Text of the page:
Fluid and Electrolyte Supplementation for Exercise-Heat Stress

Introduction

Depending on the climatic conditions, the relative contributions of evaporative and dry (radiative and conductive) heat exchange to the total heat loss will vary. The hotter the climate, the greater the dependence on evaporative heat loss and, thus, on sweating. Therefore, a substantial volume of body water may be lost via sweating to enable evaporative cooling in hot climates. Generally, the individual dehydrates during exercise because of fluid non availability or a mismatch between thirst and body water requirements. In these instances, the individual starts the exercise task as euhydrated but incurs an exercise-heat mediated dehydration over a prolonged period of time.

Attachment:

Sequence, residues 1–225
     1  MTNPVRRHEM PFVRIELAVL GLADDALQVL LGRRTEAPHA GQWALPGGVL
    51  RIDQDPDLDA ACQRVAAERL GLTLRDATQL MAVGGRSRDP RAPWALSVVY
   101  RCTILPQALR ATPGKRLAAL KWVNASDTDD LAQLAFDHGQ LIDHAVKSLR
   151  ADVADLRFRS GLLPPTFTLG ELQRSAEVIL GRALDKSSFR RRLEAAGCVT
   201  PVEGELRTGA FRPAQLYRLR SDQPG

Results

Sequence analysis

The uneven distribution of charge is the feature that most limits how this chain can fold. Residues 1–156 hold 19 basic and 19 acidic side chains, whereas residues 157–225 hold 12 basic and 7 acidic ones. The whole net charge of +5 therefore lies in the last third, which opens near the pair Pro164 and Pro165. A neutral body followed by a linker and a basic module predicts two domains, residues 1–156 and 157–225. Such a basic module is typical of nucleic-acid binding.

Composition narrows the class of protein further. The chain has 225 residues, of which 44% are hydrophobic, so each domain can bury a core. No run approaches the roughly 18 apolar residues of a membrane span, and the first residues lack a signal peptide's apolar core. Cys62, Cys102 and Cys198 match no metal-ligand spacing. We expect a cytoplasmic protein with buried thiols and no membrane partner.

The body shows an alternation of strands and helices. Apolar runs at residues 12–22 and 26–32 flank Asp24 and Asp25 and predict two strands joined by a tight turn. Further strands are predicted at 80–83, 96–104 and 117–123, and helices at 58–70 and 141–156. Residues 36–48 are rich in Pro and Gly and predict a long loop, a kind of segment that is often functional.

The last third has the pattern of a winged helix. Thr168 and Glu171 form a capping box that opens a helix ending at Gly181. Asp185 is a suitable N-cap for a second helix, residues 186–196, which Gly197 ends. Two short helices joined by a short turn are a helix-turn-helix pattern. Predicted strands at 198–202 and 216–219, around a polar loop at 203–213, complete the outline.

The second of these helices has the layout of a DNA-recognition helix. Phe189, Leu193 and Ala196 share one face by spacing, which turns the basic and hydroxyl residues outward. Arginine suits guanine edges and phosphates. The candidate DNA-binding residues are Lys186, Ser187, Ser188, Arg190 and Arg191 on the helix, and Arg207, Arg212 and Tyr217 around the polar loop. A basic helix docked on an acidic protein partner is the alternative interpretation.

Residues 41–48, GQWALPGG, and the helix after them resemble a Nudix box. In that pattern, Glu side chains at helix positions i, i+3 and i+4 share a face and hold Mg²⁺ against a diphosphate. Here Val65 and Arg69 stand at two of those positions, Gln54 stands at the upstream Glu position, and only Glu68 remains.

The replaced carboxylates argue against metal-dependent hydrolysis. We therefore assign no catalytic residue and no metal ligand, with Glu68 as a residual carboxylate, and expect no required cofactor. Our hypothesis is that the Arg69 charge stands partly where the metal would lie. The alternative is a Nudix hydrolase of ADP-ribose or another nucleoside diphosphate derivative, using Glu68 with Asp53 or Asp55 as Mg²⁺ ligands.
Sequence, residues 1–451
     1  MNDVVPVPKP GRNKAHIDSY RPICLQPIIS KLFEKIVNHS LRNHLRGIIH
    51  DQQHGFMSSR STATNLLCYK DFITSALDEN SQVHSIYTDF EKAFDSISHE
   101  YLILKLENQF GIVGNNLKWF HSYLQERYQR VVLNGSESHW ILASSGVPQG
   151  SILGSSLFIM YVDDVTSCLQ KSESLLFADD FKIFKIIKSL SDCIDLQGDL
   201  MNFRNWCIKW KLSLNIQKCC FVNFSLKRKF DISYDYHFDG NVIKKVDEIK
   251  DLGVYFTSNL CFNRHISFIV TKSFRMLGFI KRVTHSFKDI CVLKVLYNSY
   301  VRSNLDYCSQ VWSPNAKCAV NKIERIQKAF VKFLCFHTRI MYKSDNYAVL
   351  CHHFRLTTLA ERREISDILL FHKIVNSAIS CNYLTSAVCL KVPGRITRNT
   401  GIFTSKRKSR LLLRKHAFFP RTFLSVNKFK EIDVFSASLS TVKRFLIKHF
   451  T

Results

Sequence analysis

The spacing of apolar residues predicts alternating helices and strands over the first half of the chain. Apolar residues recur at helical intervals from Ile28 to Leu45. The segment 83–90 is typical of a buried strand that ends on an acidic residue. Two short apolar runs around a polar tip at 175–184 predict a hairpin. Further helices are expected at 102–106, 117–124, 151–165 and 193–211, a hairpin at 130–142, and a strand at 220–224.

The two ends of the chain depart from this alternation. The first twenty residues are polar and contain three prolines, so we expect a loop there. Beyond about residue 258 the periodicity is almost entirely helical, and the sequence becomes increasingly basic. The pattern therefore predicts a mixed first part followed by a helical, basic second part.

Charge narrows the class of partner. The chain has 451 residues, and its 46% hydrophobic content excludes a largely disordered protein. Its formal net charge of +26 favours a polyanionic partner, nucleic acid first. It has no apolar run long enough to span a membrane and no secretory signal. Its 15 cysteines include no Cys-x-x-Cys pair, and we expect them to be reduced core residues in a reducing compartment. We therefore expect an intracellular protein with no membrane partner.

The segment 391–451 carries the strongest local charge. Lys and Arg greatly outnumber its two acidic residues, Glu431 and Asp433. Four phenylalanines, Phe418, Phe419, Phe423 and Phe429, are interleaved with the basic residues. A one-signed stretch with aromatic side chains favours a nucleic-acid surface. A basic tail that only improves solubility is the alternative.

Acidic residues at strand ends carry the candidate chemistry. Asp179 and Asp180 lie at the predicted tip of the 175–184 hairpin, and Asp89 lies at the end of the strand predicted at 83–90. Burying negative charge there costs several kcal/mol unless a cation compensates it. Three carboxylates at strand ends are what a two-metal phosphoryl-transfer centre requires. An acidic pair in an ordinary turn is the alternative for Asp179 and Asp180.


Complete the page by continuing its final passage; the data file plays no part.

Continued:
Fluid and Electrolyte Needs

A person’s sweating rate is dependent on the climatic conditions, clothing worn,
and exercise intensity. Persons in desert climates often have sweating rates of
0.3-1.2 L . h-1 while performing occupational activities.
Persons wearing protective clothing often have sweating rates of
1.2 L . h-1 while performing light-intensity exercise.
Likewise, athletes performing high-intensity exercise commonly have sweating
rates of 1.0-2.5 L . h-1 while in the heat. Fluid
requirements will vary in relation to climatic heat stress, clothing worn,
acclimation state, and physical activity levels. Daily fluid requirements
might range (for sedentary to very active persons) from 2-4 L . day-1 in
temperate climates and from 4-10 L . day-1 in hot climates. Electrolytes,
primarily sodium chloride and to a lesser extent potassium, are lost in
sweat. Sweat sodium concentration averages approximately 40 mEq . L-1 (range = lO-100 mEq L-1) and varies depending on diet, sweating rate, hydration, and heat acclimation level. Heat-acclimated persons have relatively low sodium concentrations (greater than 50 percent reduction) in sweat.